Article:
• 14. 12 The Blue World: corporate is still king Yao in 2020 Managing people in the Blue World Yao is a global pharmaceutical company. It was formed by the agreed takeover of Como by China’s state-owned Yao Generics in 2012. Como was originally founded in Treviso, Italy in 1913 as a soap manufacturer, later becoming a global leader in the branded pharmaceuticals market in the 1990s and 2000s. Yao has become synonymous with dynamic, innovative capitalism. Its reward structure favours innovation and entrepreneurial behaviour. Yao continues to reward risk taking – when it works. It is a highly profitable business and provides shareholders with enviable returns. Patent expiries, an insufficiently developed drug pipeline and increasing competition from generic producers left Como vulnerable after the global recession of 2008-10. Yao’s ‘Isis’ longevity range, its euthanasia product ‘Anubis’, and ‘Rise’, (its popular antidepressant) now make Yao the most profitable pharmaceutical company in the world. The company has performed the neat trick of creating elements of a small business culture within a global giant by rewarding entrepreneurial behaviour. Ironically, close management and measurement maintain this culture of healthy, competitive innovation and creative freedom. More measurement of performance and output happens at Yao than at almost any other company. The HR people say they know everything about their employees, ‘down to the colour of their eyes’. Timeline of company 2010 2012 2013 2016 2017 Como introduces mass people measurement regimen across the organisation Como bought by China’s Yao Generics and becomes Yao-Como. Other acquisitions follow Yao-Como data theft scandal prompts ‘dark pool’ recruiting Yao-Como’s ‘Resilience’ wellness at work programme is cited by the World Health Organisation as ‘best of breed’ model New CEO Betty Chang moves the HQ from Rome to Shanghai (China remains its biggest market) and changes name to Yao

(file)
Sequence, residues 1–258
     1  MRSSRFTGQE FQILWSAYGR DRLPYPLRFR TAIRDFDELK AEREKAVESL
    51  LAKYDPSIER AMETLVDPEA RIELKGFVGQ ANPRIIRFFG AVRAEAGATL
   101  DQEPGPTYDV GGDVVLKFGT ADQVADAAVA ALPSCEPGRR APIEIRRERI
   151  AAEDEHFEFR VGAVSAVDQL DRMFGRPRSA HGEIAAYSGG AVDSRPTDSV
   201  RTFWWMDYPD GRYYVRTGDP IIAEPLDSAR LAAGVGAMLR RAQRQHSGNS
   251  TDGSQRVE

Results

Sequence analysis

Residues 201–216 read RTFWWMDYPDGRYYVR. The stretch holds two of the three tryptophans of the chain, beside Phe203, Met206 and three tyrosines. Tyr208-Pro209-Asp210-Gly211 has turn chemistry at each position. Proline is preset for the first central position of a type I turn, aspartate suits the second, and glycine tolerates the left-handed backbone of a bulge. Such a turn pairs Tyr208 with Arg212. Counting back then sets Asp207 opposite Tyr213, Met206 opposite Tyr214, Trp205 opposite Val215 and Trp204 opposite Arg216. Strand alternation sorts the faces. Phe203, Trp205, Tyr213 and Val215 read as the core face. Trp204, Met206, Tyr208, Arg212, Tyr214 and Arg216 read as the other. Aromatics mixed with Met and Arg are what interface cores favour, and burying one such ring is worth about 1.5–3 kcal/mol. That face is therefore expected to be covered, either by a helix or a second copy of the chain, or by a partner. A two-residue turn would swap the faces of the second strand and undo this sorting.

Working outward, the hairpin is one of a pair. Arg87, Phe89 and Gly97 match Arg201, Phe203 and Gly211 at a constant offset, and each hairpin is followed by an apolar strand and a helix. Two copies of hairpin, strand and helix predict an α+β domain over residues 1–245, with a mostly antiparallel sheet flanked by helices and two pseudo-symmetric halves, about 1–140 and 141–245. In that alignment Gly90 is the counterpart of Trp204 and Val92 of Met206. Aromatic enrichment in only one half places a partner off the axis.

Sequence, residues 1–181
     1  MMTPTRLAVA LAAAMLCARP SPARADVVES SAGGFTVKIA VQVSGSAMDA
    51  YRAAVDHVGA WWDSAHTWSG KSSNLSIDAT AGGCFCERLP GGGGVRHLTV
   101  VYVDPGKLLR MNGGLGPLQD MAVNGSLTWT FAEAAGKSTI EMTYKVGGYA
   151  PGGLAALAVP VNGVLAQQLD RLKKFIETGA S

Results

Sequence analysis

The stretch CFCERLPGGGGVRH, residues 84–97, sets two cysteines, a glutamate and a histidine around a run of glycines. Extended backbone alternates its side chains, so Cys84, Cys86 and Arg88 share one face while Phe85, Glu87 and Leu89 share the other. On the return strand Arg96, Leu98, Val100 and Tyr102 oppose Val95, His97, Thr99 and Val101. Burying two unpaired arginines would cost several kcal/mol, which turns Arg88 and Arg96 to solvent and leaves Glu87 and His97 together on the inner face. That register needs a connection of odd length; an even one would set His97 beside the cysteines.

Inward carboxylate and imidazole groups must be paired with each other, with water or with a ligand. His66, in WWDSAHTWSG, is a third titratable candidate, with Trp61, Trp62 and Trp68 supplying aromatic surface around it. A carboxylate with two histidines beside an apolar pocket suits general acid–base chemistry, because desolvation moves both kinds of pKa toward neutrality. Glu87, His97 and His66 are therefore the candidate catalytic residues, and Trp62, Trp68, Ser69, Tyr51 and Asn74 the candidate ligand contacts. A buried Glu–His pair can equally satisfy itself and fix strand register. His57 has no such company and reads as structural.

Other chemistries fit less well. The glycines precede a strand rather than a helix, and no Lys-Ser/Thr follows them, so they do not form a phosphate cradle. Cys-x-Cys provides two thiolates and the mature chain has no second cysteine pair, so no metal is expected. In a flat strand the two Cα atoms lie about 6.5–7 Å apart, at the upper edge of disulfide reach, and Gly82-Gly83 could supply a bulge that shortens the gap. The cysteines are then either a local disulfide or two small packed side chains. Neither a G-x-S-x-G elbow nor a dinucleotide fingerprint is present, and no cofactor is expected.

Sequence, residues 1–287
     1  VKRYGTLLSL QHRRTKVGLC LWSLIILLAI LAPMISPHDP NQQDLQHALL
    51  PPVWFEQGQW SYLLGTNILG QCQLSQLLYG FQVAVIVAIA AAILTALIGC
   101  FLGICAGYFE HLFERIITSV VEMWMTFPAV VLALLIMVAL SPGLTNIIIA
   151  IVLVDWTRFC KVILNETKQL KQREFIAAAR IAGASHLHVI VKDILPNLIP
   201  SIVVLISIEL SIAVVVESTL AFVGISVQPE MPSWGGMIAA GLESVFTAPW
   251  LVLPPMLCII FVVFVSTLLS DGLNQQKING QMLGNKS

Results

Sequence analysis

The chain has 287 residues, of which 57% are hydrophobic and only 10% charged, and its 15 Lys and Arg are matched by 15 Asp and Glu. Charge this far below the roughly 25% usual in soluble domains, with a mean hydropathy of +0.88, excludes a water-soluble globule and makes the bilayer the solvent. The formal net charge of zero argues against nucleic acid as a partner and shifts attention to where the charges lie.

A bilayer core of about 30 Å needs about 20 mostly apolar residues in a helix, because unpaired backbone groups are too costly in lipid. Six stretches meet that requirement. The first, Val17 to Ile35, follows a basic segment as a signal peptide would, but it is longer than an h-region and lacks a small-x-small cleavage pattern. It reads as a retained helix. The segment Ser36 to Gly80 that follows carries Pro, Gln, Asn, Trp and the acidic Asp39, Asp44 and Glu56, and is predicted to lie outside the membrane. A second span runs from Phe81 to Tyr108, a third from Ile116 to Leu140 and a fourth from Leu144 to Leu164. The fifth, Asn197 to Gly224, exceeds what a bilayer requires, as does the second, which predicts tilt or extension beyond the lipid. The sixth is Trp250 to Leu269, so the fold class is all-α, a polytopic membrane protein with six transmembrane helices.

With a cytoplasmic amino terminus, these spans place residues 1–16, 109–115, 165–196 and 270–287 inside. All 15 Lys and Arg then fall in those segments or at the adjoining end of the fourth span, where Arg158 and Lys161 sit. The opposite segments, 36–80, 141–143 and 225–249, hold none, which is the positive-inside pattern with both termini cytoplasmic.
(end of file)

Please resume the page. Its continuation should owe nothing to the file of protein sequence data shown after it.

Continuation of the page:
• 15. Yao’s search and selection activities are meticulous in the extreme. From the beginning of the recruitment process, candidates (at all levels) have to undergo an intensive process of medical, physical and psychological tests to ensure they have the stamina and desired attributes of a Yao employee. Work at Yao is known to be pressurised and fast-paced, but there are benefits. Yao invests significantly in training and development across all levels. International assignments are common, especially for junior employees, but they do not often get to choose where to go. Yao helps workers manage their lives outside work and many see the company as an iconic employer and a breaking ground for tomorrow’s business leaders. The company’s obsession with measurement is not just about performance and productivity, but enables it to keep its ‘core’ employees engaged through training and role rotation. The Chief People Officer (CPO) sits on the board and is highly influential. Yao was one of the first organisations to consciously capitalise on the link between employee engagement, productivity, retention and customer loyalty. Yao is good at spotting underperformers and redeploying or exiting them – it is part of what makes Yao successful. There are quarterly performance reviews and staff work in a supercharged, competitive atmosphere. Rewards for performance are high and non-financial benefits (such as the employee health and wellness strategy) enhance the value of the overall remuneration package. With the company providing lifestyle services as part of the benefits package, employees are expected to use the resulting savings in net income to make their own arrangements for pensions and medical insurance during retirement. Yao’s strategy has incorporated the lessons learned from iconic employers that failed because of crippling worker healthcare and pension costs. How Yao emerged from the crisis The takeover of Como by Yao Generics acknowledged the shift in global economic power to the East, already underway in the mid-2000s, but accelerated by the global credit crisis of 2008-10. Like other pharmaceutical companies at the time, Yao faced an ongoing challenge to maintain its drug pipeline, and viewed the ailing Como as a long-term investment which would bring new products, key talent and a strong foothold in the European and US drug market. Yao admired the people measurement and productivity monitoring pioneered by Como and also saw this as a key component of its strategy to become the dominant player in the industry. Yao focused on: ‘ 7% of 4 millennials think China, Russia & India will have more economic influence than the US & Europe by 2020. Only 28% of US graduates disagreed.’ Millennials at Work Managing tomorrow’s people Blue World 13